|We would like to appreciate the remarkable efforts of the International Commission on Radiological Protection (ICRP) and also express special gratitude for the openness and sincerity in revising the drafts in response to public comments.
We highly appraise this draft and hope our comments would contribute to make the excellent publication even better.
These are the comments of the Japanese Society of Radiological Technology (JSRT) on the draft of Radiological Protection in Medicine in Jan. 2007
#1. Technical comments:
P8, 3.1 Deterministic Effects (Tissue Reactions)
The explanation and the historical background of implementing the new term gtissue reactionh would be helpful to understand the text.
The term "non-stochastic effects" and "deterministic effects" were too notional for medical practitioners. On the other hand the proposed term "tissue reactions" is more familiar to medical practitioners. Therefore we appreciate these new terms. However it is desirable that the reason and historical background of these news terms were added briefly to avoid confusion.
P8, 3.1 Deterministic Effects (Tissue Reactions), line 12-15
The magnitude of this threshold will depend on the dose rate (i.e., dose per unit time) and LET (linear energy transfer) of the radiation, the organ irradiated, the size of irradiated part of the organ, and the clinical effect of interest.
Beam size also affects the threshold of tissue reactions. Moreover appropriate beam size control is important in medical radiation.
P9, 3.2 Stochastic Effects (Cancer and Hereditary Effects), line 28-30
It is expected to explain that whether there is a small threshold or not is a meaningless issue for radiation protection.
The existence of such a small threshold hardly affects clinical judgment and risk perception. The risk perception of a patient depends on the risk communication rather than risk assessment in the psychological aspect. Therefore the improvement of risk communication is the key role to secure the reliability of radiological examinations.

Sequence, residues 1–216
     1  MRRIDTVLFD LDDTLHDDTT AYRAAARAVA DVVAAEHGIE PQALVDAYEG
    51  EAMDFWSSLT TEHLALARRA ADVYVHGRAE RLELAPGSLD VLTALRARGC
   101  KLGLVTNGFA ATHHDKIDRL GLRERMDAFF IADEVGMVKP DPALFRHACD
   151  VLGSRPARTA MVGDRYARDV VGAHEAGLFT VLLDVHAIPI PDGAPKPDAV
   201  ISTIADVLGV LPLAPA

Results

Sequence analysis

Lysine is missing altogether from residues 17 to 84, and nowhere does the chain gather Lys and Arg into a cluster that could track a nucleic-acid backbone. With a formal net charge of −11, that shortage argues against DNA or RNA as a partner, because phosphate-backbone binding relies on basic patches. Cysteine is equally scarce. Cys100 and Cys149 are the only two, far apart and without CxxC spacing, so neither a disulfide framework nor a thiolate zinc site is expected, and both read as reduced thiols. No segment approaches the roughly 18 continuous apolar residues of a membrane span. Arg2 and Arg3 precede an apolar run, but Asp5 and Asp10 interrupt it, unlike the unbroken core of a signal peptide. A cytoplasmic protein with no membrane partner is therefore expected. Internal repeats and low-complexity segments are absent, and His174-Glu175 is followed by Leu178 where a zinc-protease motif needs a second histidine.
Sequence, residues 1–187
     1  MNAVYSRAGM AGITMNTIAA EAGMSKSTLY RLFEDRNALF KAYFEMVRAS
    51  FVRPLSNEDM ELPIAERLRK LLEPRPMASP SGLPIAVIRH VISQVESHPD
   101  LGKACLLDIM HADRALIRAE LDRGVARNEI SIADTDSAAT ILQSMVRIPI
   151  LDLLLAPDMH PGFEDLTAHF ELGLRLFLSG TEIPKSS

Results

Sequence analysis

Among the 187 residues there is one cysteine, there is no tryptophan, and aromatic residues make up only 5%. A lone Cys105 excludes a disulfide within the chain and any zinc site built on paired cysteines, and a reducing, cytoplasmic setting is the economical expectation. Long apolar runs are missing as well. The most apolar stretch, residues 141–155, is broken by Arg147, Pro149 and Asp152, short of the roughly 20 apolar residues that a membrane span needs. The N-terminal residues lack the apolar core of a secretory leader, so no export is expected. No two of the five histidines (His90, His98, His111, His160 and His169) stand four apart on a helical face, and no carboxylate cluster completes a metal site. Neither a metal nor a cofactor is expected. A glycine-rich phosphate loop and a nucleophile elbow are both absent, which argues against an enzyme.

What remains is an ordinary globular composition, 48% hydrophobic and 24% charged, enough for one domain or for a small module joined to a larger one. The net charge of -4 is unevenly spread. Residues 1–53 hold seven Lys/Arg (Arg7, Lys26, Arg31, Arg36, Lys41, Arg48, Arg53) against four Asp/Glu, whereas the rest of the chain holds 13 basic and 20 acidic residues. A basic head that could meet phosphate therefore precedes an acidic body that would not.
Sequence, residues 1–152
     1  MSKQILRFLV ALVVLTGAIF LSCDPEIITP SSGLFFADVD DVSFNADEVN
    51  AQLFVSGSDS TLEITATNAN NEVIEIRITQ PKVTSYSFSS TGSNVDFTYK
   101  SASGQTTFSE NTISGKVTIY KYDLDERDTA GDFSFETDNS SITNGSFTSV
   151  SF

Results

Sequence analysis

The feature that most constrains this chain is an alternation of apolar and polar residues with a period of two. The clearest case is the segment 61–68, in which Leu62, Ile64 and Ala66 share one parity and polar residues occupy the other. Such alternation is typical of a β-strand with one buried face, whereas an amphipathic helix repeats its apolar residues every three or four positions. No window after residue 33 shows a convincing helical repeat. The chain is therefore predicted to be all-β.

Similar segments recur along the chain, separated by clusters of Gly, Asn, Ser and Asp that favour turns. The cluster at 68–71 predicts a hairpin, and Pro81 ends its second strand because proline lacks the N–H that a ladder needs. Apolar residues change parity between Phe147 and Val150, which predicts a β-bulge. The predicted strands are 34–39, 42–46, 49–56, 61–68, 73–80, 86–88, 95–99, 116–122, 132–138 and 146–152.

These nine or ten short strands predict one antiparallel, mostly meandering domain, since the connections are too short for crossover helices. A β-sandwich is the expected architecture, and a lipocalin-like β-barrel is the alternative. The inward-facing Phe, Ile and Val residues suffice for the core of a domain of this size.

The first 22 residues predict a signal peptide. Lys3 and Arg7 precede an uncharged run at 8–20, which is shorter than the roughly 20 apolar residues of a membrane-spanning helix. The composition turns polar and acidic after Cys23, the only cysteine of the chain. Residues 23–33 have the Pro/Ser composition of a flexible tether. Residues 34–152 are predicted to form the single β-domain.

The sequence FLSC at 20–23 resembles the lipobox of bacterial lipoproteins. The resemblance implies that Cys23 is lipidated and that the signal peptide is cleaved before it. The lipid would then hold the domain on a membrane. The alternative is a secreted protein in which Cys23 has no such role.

P11, 4. Dosimetric Quantities, line 15-17
For example, defined tissue is irradiated skin for the risk assessment of tissue reaction.
It would be helpful to add the example of gdefined tissueh.
P12, 4. Dosimetric Quantities, line 22-28
It should be distinguish the protection quantity and exposed dose index for the usage of the effective dose.
Clinical physicians assess the risk not only by the effective dose but also with relating factors.
Epidemiologists assess the risk not only by the effective dose but also with the distribution of sensitivity.
Therefore it seems that this sentence is not adequate because medical practitioners use effective dose as the exposed dose index rather than protection quantity for radiation safety.
P15, 5.6 Demographics of the Patient Population, line 25-27
It should be noted on the treatment for multiple organs exposure.
In medical radiation, multiple organs are exposed and comparison of doses to multiple organs is necessary to assess the radiological examination. Therefore the combination of the doses of organs seems to be important in planning a radiological examination.
P16, 5.7 Range of Detriments from Radiation Uses in Medicine, line 10-13
In the long period of exposure, it might be considered about reduction factor on radiation effect for past exposure as shown in 17.2.
Although physicians have to explain their patient about the sufficient benefit of radiological examination, especially to discuss the accumulated dose, it is necessary to consider about the anxiety of a patient.
One of the major issues in medical radiation is risk communication between a physician and a patient.
In almost all case, it seems that the problem is not risk assessment but risk communication.
Therefore it is expected that ICRP would provide basic knowledge and skills of risk communication in medical radiation based on the recent development of psychology such as the feeling of salient value similarity (SVS) model for social trust acquirement.
Moreover it is recommended to prepare the consultation service for patients on medical radiation safety in a hospital.
For the relief of patient, the informed consent is very important.
However patients suffer anxiety any time in their process of diagnosis or medical treatment. In Japan some hospitals set up medical radiation safety counter and it works a lot.
P28, 11. Radiological protection in Emergency Medical Situations with Radioactive Materials. line 22-24
It is desirable to mention on misadministration that causes the extravasations of radiopharmaceuticals with high-energy beta or auger electrons leads the skin injury as Williams G, Palmer MR, Parker JA, Joyce R mentioned at their paper; extravazation of therapeutic yttrium-90-ibritumomab tiuxetan (zevalin): a case report in Cancer Biother.
Radiopharm. 21(2),101-5, 2006.
Sub-ClauseF12.4 Exposure of Comforters and Cares of Patients, page 32, line 7
5mSv per episode for adults and 1mSv per episode for children.
To unify Sub-Clause17.7.
The description about cataract would be necessary to unify to the approved 2007 recommendations.
#2 Editorial Comments
Sub-ClauseF17.4 Computed Tomography(Publication 87)
The meaning of the term goperatorh should be clarified.
The radiological technician should be distinguished from the operator.
The glossary would be prepared at an appendix.
The glossary would help to grasp the outline of this document for medical practitioners.